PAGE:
A few more thoughts on the skating rink

To add to last night’s thoughts:

I should note that — though this seems like an anti-skating blog — I do, in fact, ice skate on occasion, and I even enjoy ice skating.

I do not enjoy a lack of public dialogue.

There was a master plan for the Worcester Common “restoration” quite a few years ago; an ice rink was first anticipated as early as winter 2003.

Yes, that’s right — this restoration has been going on so long that Tom Hoover (remember him?) said in January 2002 that “[b]y winter next year, I will be making a fool of myself on skates along with Congressman McGovern.”  [Telegram and Gazette, “$5M makeover of Common ; Restoration work slated to begin this spring”, 9 January 2002]

Note that — at least as part of the 2002 plan — there were supposed to be gardens near the Civil War soldiers memorial.  I haven’t heard about these plans recently.

In 2005, we were told that there was going to be a bicycle pavilion.  [Telegram and Gazette, “Redesigned retreat ; Refurbished Common is uncommonly inviting”, 23 September 2005]

In 2008, that pavilion was supposed to be used for bicyclists in the summer and skaters in the winter. [Telegram and Gazette, “Ice idea?: Construction bumps summer events”, 7 July 2008]

Why am I referencing the Telegram so much?  Because I can’t seem to find the master plan for the Common on an obvious place on the city website.

I have no idea if the intention for a pavilion was only to house the chiller equipment, which is no longer needed because “there is no longer a need to construct a new building to house the chiller equipment for the skating rink, or for separate utilities to service the facility, thus significantly reducing its operating costs.”  [Telegram and Gazette, “Ice rink is a maybe this winter: City works to raise $125K from private sources, 15 October 2012]

So — in short –a pavilion seems to no longer be part of the plan.  And the average person who’s been paying a bit of attention over the past decade might have thought that the pavilion was supposed to be for people, in both summer and winter, but now we’re being told that it was for equipment.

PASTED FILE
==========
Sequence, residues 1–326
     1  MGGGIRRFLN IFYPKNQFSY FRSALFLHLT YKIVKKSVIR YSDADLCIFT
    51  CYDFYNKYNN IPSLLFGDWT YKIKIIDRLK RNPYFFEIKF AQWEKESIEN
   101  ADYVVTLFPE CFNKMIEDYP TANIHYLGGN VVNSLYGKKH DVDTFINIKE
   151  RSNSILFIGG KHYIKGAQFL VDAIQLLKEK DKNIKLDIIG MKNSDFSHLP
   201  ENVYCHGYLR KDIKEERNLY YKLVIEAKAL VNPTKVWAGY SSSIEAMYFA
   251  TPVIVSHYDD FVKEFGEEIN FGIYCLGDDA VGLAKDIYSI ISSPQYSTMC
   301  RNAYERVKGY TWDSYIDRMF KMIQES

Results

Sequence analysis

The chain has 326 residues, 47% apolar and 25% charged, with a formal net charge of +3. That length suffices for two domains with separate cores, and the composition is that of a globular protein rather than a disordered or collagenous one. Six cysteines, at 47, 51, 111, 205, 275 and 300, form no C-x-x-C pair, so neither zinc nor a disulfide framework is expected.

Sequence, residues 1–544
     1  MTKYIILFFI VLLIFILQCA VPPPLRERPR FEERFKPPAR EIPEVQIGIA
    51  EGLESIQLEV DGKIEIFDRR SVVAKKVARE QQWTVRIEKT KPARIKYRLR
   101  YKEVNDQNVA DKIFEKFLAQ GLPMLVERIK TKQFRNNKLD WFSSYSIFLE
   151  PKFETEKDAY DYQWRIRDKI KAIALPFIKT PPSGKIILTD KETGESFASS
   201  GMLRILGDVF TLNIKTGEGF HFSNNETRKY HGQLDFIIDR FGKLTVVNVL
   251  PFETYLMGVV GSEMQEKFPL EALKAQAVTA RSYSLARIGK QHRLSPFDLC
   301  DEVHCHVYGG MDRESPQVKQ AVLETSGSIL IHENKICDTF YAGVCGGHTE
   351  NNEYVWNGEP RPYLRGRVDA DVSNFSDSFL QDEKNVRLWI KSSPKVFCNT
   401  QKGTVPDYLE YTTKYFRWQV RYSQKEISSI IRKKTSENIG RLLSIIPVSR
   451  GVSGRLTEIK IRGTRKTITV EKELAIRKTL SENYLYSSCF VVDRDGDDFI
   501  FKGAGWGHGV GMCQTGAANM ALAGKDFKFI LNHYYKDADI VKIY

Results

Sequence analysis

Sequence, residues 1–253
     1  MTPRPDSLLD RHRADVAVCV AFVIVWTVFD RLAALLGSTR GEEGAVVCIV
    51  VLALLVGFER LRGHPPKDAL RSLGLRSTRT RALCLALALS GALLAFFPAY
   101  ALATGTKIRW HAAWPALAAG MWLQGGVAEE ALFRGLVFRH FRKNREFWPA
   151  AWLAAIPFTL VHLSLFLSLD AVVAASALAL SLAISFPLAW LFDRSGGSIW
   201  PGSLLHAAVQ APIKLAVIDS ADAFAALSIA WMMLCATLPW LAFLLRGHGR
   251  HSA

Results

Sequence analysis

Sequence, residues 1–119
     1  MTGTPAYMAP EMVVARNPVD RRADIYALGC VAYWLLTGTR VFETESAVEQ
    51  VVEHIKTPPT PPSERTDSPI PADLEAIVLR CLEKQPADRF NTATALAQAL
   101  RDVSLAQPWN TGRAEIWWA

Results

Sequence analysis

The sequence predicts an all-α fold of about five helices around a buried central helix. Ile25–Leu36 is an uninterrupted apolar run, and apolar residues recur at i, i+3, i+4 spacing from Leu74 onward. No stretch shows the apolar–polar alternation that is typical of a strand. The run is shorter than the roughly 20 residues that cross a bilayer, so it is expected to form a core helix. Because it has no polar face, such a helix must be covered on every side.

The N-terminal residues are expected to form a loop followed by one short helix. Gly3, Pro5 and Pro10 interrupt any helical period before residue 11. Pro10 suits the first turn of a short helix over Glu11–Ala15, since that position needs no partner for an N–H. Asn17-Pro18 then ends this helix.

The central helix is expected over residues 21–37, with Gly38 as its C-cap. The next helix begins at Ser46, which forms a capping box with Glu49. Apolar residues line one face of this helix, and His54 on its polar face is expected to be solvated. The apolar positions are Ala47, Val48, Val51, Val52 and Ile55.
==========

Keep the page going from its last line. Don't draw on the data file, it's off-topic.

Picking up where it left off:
I also have no idea if the plan was always to solicit private funds to pay for the skating rink, or if that’s the only way we could finally make this work.   Because, of course, I can’t find the master plan in any of the obvious places.

I am tired of being told I should feel “grateful to those in the community who continue to recognize the potential of our great City and step up time and time again to make things happen.”

We have relied on private donors for Wheels to Water, we have relied on private donors for the library being open on Sundays, and we will rely on private donors for this ice rink.  And we never talk about what will happen when those private donors fall on hard times, or decide their money should go somewhere else.

I didn’t blog about a short discussion that happened at the last library district task force meeting, but it’s worth mentioning.

Someone at the meeting asked what would happen to PILOT money for the library if the colleges want the parking lot for the hockey arena complex, and we don’t let them have it.

Which just about summed up everything that is wrong with PILOT and with these kinds of donation schemes in general.  It’s not just “free money” — it might not last forever, and it makes the relationship with the donor more complicated.

It’s lovely that private organizations have stepped up and paid for the ice rink.   But city and federal taxpayers have paid millions of dollars already for the Common renovations.

If a private employer who sponsors the rink this year, or a college that helps fund the rink, asks for so many free tickets for their employees or students, would they receive them? (I’m not saying that’s happening — but it could.)  Why would they be more entitled to that than someone who’s paid their property tax for 10+ years, while this project has dragged on?

Would we be less inclined to question the donor in another situation, or let them have their way in a dispute, lest we lose PILOT money, or funding for the ice rink, or whatever else we decide needs to be funded by private means?

This is a conversation worth having.

Some people (on the Telegram website and elsewhere) have raised concerns about there being a cost at all for the skating rink.  I have no problem paying, but I do have a problem with there being no community discussion about the pricing.  Perhaps residents would rather have had a higher price for adults and no charge for those under 12 or 13, as the Boston Frog Pond does.

And I cannot be the only resident who wonders which bathroom facilities my kids could use.

Don’t get me wrong — I like the idea of skating on the Common, and I hope it’s a great success.

But the questions about whether we should be budgeting for the ice rink (versus relying on grant funds), where the Common master plan as a whole stands, and what a good pricing structure would look like, all remain unanswered and undiscussed.

It’s not about being negative or positive about the ice rink.  It’s about why there’s no good public discussion, about framing conversations beyond the usual snark and tackling some very real questions people want answered.